West Dereham Sign Gary Trouton

Wedt Dereham Heritage Group

May 2012


Another successful meeting on the 15th of March in the Village Hall with guest speaker, West Dereham’s very own Barry Glover who gave another of his talks about his families life in the village throughout the past 100 years. It was illustrated with many of his extensive collection of family photographs and postcards using our new screen with assistance from Janet and the projector.

The Glovers have been residents in the village since the beginning of the last century and made their living from farming, the family home being White House Farm offChurch Road. This is a very ancient site which has been occupied for many centuries by successive farming families, the present building dating from the late 1600s.

Like many of these farmhouses in the village it is now a private residence.

The collection gives us an insight into the day to day life of a farming family through two world wars right up to the late 1970s. The changes made in agriculture during this period are easily seen in the scenes shot by the family camera, the prize winning horses giving way to tractors which appear as strange looking metal monsters compared with today’s streamline but equally large examples.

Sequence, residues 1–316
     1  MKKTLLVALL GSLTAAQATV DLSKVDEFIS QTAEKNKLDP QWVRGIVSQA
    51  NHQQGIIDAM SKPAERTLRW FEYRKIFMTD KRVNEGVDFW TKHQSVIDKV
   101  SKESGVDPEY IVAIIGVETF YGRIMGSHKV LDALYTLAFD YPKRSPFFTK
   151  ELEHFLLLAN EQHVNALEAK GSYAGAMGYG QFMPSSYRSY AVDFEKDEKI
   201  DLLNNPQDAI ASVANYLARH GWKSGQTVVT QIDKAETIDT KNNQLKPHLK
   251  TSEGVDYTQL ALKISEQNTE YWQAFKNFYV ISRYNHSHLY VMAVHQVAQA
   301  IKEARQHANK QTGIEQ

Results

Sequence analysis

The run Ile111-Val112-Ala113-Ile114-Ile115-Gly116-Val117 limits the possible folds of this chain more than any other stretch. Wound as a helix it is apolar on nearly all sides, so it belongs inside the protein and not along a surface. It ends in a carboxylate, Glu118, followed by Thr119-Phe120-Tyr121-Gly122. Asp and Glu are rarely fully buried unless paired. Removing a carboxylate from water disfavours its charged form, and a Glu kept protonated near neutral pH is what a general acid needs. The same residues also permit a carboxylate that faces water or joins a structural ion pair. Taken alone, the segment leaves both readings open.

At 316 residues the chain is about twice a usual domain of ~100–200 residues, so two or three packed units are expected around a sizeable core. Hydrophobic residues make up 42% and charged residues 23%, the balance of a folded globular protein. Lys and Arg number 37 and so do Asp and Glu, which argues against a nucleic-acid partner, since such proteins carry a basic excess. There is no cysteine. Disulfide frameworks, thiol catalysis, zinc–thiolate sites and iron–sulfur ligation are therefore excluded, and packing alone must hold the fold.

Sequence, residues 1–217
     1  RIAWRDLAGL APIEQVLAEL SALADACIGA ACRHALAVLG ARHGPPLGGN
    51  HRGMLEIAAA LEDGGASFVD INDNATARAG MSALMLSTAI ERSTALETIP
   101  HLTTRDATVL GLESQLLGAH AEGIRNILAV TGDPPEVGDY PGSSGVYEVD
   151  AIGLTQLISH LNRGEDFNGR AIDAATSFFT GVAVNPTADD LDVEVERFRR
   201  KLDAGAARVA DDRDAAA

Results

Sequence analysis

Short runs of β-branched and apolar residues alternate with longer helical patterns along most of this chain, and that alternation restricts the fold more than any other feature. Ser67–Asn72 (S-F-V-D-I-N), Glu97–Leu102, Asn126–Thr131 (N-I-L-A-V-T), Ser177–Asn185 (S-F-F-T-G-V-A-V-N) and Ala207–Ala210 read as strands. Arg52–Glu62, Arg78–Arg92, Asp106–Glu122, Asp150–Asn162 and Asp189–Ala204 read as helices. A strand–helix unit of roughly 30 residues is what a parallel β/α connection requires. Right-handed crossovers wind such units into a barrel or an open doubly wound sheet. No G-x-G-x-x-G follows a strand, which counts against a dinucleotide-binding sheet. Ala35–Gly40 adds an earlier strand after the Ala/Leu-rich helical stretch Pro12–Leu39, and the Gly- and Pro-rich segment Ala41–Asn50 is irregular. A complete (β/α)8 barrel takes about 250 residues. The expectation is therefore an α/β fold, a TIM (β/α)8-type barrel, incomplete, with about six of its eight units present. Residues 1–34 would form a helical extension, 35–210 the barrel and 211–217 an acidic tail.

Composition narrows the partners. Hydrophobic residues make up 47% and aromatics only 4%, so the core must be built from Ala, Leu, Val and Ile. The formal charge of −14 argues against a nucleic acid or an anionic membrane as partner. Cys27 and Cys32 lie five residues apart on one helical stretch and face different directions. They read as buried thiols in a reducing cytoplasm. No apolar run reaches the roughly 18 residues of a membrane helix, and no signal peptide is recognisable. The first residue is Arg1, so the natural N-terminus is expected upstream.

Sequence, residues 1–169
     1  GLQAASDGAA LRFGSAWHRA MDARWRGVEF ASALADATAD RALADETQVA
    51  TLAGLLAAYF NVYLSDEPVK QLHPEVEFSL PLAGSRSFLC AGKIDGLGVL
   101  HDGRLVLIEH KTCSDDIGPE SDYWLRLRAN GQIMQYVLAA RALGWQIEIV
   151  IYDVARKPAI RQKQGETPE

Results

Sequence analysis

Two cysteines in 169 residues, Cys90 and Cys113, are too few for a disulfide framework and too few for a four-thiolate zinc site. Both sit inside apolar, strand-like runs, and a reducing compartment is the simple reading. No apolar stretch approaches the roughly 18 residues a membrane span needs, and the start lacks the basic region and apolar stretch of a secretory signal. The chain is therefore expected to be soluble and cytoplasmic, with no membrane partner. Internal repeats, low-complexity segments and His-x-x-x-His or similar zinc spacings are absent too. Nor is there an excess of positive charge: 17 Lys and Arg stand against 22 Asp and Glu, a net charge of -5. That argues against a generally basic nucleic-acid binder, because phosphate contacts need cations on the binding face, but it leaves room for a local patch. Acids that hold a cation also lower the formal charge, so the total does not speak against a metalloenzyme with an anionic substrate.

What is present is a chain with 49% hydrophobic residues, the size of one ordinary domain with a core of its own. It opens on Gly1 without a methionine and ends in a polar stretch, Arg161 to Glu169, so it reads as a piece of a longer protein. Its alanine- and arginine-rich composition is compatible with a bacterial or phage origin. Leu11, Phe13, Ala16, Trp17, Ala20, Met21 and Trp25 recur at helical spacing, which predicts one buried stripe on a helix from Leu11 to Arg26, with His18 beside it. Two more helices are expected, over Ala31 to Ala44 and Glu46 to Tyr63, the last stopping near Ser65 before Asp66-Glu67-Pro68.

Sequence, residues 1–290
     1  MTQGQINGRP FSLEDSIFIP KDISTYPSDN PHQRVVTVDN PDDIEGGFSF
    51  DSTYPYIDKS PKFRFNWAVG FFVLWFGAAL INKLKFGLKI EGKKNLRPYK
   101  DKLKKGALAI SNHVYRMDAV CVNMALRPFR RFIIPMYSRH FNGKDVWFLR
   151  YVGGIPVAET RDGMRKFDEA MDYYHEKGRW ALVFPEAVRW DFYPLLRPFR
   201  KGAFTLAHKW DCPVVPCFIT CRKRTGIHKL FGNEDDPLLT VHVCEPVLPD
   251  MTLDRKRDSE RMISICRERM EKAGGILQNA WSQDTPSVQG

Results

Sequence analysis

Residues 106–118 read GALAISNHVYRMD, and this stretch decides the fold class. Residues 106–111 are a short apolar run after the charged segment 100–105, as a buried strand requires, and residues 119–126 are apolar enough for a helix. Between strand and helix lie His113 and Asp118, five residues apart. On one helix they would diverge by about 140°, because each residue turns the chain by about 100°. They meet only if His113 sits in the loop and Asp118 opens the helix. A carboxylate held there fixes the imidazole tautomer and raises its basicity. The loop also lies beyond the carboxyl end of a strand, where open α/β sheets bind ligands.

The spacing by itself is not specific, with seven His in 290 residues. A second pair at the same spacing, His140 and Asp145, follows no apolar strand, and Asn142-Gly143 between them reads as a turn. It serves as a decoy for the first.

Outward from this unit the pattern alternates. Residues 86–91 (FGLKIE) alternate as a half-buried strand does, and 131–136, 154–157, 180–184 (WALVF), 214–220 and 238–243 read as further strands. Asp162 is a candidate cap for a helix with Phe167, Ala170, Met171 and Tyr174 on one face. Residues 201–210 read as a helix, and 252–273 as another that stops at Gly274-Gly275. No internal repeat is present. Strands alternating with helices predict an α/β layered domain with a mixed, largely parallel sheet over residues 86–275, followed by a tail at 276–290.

The whole farming year is captured from sowing through to harvest as well as many domestic tasks such as washing day when the wash house boiler was fired up with help on one occasion from a incendiary bomb during WWII.

Festivals like Easter with the Donkey going up to the Church, holidays when the family dressed in their best clothes and the boys getting astride the first motorcycles. At times bringing deep sadness with the deaths of two young people from the village who lost their lives as result of accidents riding these vehicles.

During WWII a few local lads decided to increase the sugar ration for the village by drilling holes through the bottom of wagons coming from the Wissington sugar beet processing factory parked up at Abbey Station one night. Apparently the expedition was successful but the appearance of so much extra sugar attracted the attention of the law as well as the reports of wagons with leaking cargo at the Station It was decided to get rid of these ill-gotten gains by burning it until it was found to burn with a blue flame which might have also brought the law down on the guilty. Most of it was distributed locally but there were no more incidents of this kind reported so perhaps lessons were learned from this venture.

Throughout the evening we were regaled with Barry’s reminiscence of his time in the village, many humorous others tragic but as he has demonstrated before it never fails to interest and entertain an audience.

A vote of thanks was given by our Secretary, Pam Walker who presented Barry with a bottle of Scotch.


A Committee meeting was held in the Heritage Room on 2nd April to discuss Lottery Grant spending to date and to start finalising details for forthcoming events. On the 7th of July the Group will hold an open day,11am - 4pm when Dr Paul Richards will officially open the Heritage Room. Other groups in the area will be invited to take part and there will be displays in the main hall as well as the Heritage Room.

Richard C. French

5th April 2012.

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